After decades of policy choices privileging ever-larger corporate behemoths, our economy is now ruled by a small clique of super-sized, dominant firms. These corporations have concentrated markets to their liking, resulting in few checks and balances that push back against these firms hiking prices, while simultaneously depressing wages and good jobs, decreasing productivity and innovation, embrittling supply chains, and exacerbating racial injustice.
“A more holistic approach, combining corporate tax reform with more robust antitrust regulation, the strengthening of workers’ rights, and increased public ownership in key sectors, is needed to build an economy based on equity, fairness, and prosperity for all.”
Concerns about the market power of large corporations are growing. There are good reasons why monopoly now features so prominently on the political and economic agenda. Mounting evidence shows that corporate concentration stifles innovation and investment, resulting in lower-quality goods and services and less economic dynamism. Concentration is also a catalyst for rising wealth and income inequality, as monopolistic firms are able to suppress workers’ wages and charge consumers higher prices.
Most of the public policy debate has been focused on the role of antitrust law in combating the monopolistic practices of large corporations. But recently, the focus has shifted somewhat, as more and more people come to recognize the role of federal and state-level taxation in understanding corporate concentration in the US. Yet, there are still many questions about the effect of taxation on market structure: Is there a tax advantage associated with bigness, as measured by revenues? If so, is this advantage confined to a few “bad apples” or is it widespread among large corporations? What role do the domestic and foreign tax systems play in encouraging monopoly power? What does an analysis of the relationship between tax and monopoly tell us about wider macroeconomic shifts in the US economy over the past few decades?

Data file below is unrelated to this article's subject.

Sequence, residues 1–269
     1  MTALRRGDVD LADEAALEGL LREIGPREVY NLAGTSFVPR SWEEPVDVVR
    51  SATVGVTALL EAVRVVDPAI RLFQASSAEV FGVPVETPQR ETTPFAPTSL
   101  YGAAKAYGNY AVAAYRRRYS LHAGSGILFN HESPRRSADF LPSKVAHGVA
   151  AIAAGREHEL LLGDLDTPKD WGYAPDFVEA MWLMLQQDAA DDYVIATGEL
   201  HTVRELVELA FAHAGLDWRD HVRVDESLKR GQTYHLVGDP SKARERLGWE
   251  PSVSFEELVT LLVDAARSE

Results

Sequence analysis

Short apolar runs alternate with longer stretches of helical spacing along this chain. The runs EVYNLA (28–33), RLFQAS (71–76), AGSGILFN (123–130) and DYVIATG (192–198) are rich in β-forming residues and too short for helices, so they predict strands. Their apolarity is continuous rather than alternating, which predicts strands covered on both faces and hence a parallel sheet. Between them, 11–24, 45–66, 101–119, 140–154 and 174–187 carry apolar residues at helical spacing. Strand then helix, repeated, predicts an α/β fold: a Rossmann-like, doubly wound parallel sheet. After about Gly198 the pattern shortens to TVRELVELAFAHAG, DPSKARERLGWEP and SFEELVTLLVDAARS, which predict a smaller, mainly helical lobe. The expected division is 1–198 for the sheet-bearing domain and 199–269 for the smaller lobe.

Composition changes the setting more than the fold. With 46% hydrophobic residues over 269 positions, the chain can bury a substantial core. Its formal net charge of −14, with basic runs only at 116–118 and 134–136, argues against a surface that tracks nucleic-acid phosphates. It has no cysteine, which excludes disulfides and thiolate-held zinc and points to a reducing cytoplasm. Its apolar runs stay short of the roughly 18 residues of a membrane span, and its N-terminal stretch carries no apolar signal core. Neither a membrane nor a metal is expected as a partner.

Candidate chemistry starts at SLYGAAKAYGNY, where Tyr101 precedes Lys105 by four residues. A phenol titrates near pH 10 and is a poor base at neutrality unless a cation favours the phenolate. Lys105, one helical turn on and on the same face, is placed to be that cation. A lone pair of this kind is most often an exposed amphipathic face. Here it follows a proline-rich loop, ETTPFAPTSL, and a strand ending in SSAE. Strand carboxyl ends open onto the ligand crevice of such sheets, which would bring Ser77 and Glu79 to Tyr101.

The purpose of this brief is to address these questions by analyzing and comparing the overall effects of the US tax code on the profit share of large and smaller corporations.
Our analysis reveals a striking tax advantage for big business in the US. Specifically, we find that the total post-tax profit share of the top 10 percent of listed corporations since the mid-1980s is consistently and significantly higher than their total pre-tax profit share, indicating that the overall tax structure (domestic and foreign) fuels profit concentration at the top of the corporate hierarchy. For example, in the most recent period covered in our analysis, 2019–2022, the overall tax structure has boosted the post-tax profit share of large corporations by 2.32 percentage points relative to their pre-tax share. We then assess the contribution of different tax jurisdictions to concentration by estimating the pre-tax and post-tax profit shares of large corporations, domestically and internationally. Here, our analysis reveals that the domestic tax structure is especially influential in driving concentration. Over the past four decades, the domestic post-tax profits of large corporations have been much larger than their pre-tax share, with the domestic tax structure augmenting the profit share of large corporations by 3.79 percentage points in 2019–2022. The effect of the foreign tax structure on profit concentration is more ambiguous. In most periods it is either slightly positive or slightly negative. For 2019–2022, the foreign post-tax profit share of large corporations was 0.87 percentage points higher than their pre-tax share. Based on these findings, we argue that the tax structure, especially the domestic tax structure, plays a crucial but still underappreciated role in exacerbating the monopoly problem.